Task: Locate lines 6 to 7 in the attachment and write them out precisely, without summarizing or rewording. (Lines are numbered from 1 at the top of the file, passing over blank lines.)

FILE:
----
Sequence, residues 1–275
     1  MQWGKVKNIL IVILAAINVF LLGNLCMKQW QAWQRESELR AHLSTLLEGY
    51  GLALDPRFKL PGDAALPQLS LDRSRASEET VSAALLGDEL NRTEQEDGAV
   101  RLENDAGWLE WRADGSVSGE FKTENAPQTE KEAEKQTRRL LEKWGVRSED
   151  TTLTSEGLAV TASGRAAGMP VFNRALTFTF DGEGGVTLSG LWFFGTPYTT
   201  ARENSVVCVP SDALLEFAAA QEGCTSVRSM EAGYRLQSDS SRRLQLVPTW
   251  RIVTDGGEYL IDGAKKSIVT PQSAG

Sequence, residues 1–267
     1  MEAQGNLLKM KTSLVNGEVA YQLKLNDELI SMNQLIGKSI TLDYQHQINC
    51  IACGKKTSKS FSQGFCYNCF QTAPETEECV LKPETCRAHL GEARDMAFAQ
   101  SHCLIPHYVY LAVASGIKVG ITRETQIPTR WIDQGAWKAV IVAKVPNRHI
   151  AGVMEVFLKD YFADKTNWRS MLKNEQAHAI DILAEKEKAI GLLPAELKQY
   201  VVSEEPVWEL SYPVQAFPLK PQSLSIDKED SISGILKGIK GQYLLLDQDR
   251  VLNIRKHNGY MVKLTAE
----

   201  ARENSVVCVP SDALLEFAAA QEGCTSVRSM EAGYRLQSDS SRRLQLVPTW
   251  RIVTDGGEYL IDGAKKSIVT PQSAG